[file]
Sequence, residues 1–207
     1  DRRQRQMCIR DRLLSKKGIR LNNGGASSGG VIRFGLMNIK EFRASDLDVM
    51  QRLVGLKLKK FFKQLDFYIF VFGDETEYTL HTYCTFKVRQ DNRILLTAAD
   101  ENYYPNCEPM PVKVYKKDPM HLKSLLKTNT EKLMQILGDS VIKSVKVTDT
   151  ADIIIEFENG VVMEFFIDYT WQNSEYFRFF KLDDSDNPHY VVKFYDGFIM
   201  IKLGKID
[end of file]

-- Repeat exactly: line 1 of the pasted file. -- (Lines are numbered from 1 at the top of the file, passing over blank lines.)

Sequence, residues 1–207